10. The Respondent has submitted that "statutes are open to be amended and their interpretation can be a question of case law in the country concerned". As a consequence, it was also submitted that "it was open to the judge to conclude that the evidence provided by the appellant was insufficient".

11. However, this was not the basis on which First-tier Tribunal Judge Doyle dismissed the Appellant's appeal. Firstly, he asserted that the Appellant could not merely rely on a photocopy of a statute. There is no requirement in case law for an Appellant to produce an expert report confirming the validity of his marriage. Furthermore, the Respondent has not asserted that the copy of the statute which the Appellant relied upon did not reflect current law in Nigeria.

12. Furthermore, the Respondent asserted that there was no independent verification of the marriage. However, this ignored the fact that the Appellant had also provided an affidavit, sworn in the High Court, by his uncle who was present at the proxy marriage ceremony. In addition, he had provided a copy of the Form MCM.1 also signed by the on-call and properly certified.

13. For all these reasons, I find that there were material errors of law in First-tier Tribunal Judge Doyle's decision.

6. The appellant's case has always been that the documents provided are sufficient to prove that his proxy marriage was valid under the terms of Nigerian law. The original grounds of appeal provided evidence of the marital relationship/marriage, a Customary Marriage Certificate issued on 25 September 2018, a Confirmation of Marriage letter dated 25 September 2018, a sworn affidavit from the appellant's uncle, and evidence of the completed registration of the marriage. The appellant also relied upon a letter from the Foreign & Commonwealth Office/British High Commission in Abuja dated 4 February 2013 confirming that local government in Nigeria is vested with the constitutional powers to make laws and register customary law marriages.
7. The appellant disputes the requirement relied upon decision maker for the marriage certificate to be signed by a competent authority who is also a third party; asserting that the person who did sign the documents (a Billy Sherifat Abosede) had lawful authority to do so. Mr Diwnycz was asked at the hearing whether he had anything by way of case law or country material to support the assertion made by the decision-maker that the format of the documents provided meant the customary marriage had not been properly registered in accordance with the legal requirements in Nigeria. In his normal candid approach to such matters Mr Diwnycz confirmed that he had been unable to locate any authority to support a proposition that the concerns expressed by the decision-maker reflected a valid stance capable of establishing that the required burden had not been discharged.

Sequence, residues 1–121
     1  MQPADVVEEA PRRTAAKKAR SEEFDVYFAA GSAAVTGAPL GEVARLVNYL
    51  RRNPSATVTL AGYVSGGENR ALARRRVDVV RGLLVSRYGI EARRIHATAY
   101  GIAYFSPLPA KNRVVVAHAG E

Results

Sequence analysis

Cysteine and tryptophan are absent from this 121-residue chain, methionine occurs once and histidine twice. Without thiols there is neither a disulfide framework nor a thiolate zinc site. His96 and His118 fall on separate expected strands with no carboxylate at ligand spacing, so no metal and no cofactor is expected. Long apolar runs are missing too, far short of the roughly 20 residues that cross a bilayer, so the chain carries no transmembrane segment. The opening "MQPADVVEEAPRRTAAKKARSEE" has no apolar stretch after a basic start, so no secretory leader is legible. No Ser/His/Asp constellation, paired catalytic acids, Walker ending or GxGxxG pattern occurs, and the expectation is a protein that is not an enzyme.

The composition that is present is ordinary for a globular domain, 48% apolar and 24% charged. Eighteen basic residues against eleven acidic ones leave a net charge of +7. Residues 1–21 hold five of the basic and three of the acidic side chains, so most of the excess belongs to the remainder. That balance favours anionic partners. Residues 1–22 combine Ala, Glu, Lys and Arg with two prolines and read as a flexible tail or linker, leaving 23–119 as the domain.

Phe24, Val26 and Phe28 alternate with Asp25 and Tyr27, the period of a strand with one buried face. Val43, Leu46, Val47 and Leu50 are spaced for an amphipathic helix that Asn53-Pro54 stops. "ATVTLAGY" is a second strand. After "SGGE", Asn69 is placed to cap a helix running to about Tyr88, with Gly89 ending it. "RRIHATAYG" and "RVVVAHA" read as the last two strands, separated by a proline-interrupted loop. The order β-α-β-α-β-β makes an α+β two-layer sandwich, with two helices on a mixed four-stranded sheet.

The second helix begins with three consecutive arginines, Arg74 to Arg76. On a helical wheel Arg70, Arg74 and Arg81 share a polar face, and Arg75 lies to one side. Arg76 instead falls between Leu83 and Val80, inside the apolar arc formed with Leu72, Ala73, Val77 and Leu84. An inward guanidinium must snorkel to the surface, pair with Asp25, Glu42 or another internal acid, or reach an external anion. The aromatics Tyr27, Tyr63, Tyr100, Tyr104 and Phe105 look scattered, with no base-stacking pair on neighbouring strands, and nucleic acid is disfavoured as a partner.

8. I find in the absence of anything to counter the assertion made in the grounds of appeal and in light of the lack of any challenge to the weight that could be given to the marriage documents, that the appellant has discharged the burden of proof upon him to the required standard to show he has undertaken a valid customary marriage recognised in Nigerian law and provided adequate evidence from an official with the capacity to do so confirming the marriage has been properly registered. On that basis the appeal must be allowed.
9. The remaining issue raised in the refusal relating to there only being one affidavit does not establish legal error sufficient to warrant the appeal being dismissed.


10. I allow the appeal.


11. The First-tier Tribunal made no order pursuant to rule 45(4)(i) of the Asylum and Immigration Tribunal (Procedure) Rules 2005.

I make no such order pursuant to rule 14 of the Tribunal Procedure (Upper Tribunal) Rules 2008.

Upper Tribunal Judge Hanson

Dated 12 February 2021